Earth Notes: Solar Power Finance Without the Jargon, a Review (2019)Updated 2023-09-12 14:50 GMT.
By Damon Hart-Davis.
Book: Solar Power Finance Without the Jargon
This is a book for the solar workers of the future, a business book for those without a business or economics background and those simply curious about major shifts happening in the world energy economy. Key financial, economic and technical concepts are interspersed with the history of the first decade of cheap solar power, and the author's experience of being part of a successful startup in the clean energy sector.
- Author: Jenny Chase
- ISBN: 9781786347459
- Format: Paperback
- GBP28.00 valid at/until:
- Chapter 16: Solar Is Cheap, but What Does It Mean?
Overall it was a well explained and interesting chapter.
I enjoyed chapter 6. I thought it was very accessible because you didn't have to be an expert to understand it (I am 11). I didn't understand the references, as those were aimed at professionals.
- Rating: 4/5
- Reviewer: Morgan Hart-Davis
I know BNEF because I know Michael Liebreich, its founder. I've spent a chunk of my life creating start-ups. I have an understanding of what happens inside them. I know how important individuals are in making them succeed. It's not astonishing that someone as modest and funny and smart as Jenny Chase should be part of BNEF's story. She is its chief guru for solar, one of my favourite topics! I also spent a long time in finance (in the City of London), albeit in IT. I can't fault her on PV or PV (Present Value or PhotoVoltaics).
Having exchanged many a tweet with Chase, I finally made it to a talk that she gave, at Imperial College .
Less is More
Chase's book is clearly in the tradition of Prof David MacKay's fabulous Sustainable Energy – without the hot air. More insight. Less pomp. All good.
I come pre-tainted with existing knowledge of, and interest in, both solar power and finance. Those didn't make Chase's book seem trite or dull. There was lots here that was new to me and/or only previously partly understood.
Beyond the dry facts, spiced with some of the wrong-doings in the market, there are also Things That You Should Know if you are one of
the solar workers of the future that Chase's book targets.
Networking and Other Stuff Not Taught at State Schools
(chapter 11) including
Being Female — Pros and Cons, for example.
There's also a lot of the true-but-unexpected in there about how start-ups work. Real enough to make me cringe in recognition. Start-ups are fun, but they are not for everyone, even those happy to take risks elsewhere!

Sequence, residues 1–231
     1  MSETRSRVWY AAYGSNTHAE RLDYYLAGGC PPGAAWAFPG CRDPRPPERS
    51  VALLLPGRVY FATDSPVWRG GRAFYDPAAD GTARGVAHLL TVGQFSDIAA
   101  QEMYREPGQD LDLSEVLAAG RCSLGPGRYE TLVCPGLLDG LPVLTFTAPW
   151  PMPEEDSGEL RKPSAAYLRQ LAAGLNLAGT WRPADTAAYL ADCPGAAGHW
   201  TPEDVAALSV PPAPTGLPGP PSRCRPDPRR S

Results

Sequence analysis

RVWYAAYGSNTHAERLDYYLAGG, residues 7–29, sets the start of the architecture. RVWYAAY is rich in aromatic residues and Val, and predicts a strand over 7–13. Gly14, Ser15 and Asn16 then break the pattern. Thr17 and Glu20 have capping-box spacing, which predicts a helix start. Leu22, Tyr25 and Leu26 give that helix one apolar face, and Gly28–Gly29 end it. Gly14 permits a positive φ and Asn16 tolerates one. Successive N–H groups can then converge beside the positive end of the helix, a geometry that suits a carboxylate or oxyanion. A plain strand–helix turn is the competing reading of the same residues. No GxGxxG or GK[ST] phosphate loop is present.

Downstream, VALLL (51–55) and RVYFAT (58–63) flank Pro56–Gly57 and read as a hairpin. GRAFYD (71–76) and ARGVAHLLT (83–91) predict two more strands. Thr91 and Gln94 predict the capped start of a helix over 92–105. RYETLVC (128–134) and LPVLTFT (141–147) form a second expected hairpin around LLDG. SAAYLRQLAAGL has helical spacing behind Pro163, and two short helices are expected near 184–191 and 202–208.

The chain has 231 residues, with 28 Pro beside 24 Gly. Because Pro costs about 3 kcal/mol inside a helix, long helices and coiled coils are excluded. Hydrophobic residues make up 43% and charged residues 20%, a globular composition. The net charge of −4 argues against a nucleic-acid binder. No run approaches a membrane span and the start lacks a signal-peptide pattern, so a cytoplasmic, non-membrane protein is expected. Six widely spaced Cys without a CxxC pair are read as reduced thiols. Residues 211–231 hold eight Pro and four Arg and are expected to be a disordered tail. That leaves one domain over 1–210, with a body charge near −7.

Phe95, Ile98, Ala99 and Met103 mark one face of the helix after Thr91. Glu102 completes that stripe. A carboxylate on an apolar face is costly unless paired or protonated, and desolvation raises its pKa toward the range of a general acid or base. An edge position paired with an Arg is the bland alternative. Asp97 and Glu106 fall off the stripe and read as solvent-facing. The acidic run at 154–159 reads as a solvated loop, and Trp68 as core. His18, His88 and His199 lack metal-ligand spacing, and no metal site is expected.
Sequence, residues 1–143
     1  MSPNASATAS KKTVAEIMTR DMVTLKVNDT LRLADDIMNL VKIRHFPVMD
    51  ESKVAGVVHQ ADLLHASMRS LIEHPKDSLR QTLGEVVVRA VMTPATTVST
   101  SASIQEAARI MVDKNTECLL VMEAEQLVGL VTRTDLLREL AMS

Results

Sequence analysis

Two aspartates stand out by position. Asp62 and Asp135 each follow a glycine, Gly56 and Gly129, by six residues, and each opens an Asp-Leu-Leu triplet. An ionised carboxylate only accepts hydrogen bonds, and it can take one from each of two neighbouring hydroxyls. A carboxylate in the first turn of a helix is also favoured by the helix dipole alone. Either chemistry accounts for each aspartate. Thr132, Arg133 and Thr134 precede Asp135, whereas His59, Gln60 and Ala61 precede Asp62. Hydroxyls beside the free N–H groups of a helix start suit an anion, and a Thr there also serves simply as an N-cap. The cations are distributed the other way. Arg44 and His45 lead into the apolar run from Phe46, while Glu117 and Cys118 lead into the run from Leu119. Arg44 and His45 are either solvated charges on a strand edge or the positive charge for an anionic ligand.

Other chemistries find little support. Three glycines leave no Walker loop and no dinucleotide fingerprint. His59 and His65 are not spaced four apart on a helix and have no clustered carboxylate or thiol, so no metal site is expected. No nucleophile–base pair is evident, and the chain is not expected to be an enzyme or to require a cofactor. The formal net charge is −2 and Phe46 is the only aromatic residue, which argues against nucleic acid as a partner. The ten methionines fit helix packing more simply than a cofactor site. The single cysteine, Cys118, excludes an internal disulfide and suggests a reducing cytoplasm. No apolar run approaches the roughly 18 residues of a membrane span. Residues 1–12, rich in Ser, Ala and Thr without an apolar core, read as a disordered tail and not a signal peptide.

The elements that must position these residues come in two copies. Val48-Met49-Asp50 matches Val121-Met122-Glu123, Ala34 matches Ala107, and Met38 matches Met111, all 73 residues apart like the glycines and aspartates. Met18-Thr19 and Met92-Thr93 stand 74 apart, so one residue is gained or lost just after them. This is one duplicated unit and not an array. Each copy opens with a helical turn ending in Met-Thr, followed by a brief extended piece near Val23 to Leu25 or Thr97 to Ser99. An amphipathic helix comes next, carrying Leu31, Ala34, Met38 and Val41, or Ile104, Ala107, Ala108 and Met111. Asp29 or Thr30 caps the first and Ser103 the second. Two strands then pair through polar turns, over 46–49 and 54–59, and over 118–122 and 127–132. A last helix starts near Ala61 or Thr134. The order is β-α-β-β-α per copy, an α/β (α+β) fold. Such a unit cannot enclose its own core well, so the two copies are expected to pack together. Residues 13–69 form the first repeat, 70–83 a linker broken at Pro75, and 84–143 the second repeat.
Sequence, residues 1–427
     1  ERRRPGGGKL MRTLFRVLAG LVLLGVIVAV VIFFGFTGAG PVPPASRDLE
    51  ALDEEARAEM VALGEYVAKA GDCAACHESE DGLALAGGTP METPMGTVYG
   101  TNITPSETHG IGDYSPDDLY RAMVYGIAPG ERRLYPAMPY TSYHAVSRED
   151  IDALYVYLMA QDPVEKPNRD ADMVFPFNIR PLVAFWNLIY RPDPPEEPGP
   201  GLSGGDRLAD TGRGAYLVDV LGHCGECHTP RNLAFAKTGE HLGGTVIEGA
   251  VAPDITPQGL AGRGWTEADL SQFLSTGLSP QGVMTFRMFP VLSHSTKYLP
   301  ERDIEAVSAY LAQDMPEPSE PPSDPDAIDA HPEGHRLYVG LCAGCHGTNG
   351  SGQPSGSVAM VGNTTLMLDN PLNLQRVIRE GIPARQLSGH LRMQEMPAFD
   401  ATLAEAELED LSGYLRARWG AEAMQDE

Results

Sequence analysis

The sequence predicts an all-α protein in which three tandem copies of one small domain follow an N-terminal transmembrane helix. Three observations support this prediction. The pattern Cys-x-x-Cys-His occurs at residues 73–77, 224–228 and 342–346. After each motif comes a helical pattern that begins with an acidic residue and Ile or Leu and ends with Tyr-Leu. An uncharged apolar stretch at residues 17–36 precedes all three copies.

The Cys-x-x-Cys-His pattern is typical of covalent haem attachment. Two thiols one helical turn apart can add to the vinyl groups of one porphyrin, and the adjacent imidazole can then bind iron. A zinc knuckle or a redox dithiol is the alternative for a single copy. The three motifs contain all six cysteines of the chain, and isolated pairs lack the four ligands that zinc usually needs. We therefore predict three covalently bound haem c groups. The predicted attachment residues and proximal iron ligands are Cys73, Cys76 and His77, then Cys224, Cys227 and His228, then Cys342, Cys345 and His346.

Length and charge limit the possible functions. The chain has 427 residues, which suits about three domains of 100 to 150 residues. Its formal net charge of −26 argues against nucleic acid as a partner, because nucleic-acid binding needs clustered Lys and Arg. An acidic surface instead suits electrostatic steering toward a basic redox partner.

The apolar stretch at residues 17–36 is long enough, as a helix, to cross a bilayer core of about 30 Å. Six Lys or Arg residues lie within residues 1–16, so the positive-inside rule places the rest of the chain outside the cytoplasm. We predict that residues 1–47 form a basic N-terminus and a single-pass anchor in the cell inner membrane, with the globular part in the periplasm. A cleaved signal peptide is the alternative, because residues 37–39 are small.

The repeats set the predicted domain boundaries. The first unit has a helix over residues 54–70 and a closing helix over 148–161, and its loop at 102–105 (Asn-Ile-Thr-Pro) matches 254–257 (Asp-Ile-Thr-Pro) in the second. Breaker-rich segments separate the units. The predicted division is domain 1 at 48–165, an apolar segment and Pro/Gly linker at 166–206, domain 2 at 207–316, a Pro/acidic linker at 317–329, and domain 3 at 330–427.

The tech is there for techies (yes, I'm a fan of slightly undersizing inverters and pointing panels more west where possible). Including why crystalline silicon is still king somewhat against expectations.
I like the realism in chapter 9
Forecasting Methods: Difficulties and Discontinuities
about how the world is messy. Her team can be spending more time running around fixing old numbers as data surfaces, than developing shiny new models (that everyone thinks is the important bit). Be humble, absorb new facts whenever available, and avoid getting complacent!
Even a bad forecast may be better than no forecast.
We have almost always underestimated the future growth. We have apparently got a little better since 2013, probably because this was the point where we started using a high 'Rest of World' buffer in the forecast — basically, a sizeable chunk of forecast demand on top of the known markets. This was necessary because firstly there are always new markets that you find out about late in a year (Trade press PV Tech says Algeria installed 268MW in 2015, and it seems to be confirmed by government data? We didn't even have Algeria in our forecasts) and secondly, my team members more often underestimate their own markets than they overestimate them.
There are a couple of imperfections in the book. Some graphs are swapped, or maybe mislabelled, I think.
I agree with Morgan, overall it was well explained and interesting!
Clickbait Footnote: Kettling
People refer to Michael as a genius. You'd imagine that timing is all. But one has to wonder, against chapter 5's
Timeline of Relevant Milestones for Solar (p34), if somehow that one might have been called a little earlier and moved the market? The world's populist right-of-centre parties might then have wrapped themselves in solar fabric. We'd be fulfilling the Paris 1.5°C target with room to spare. Or maybe not. B^>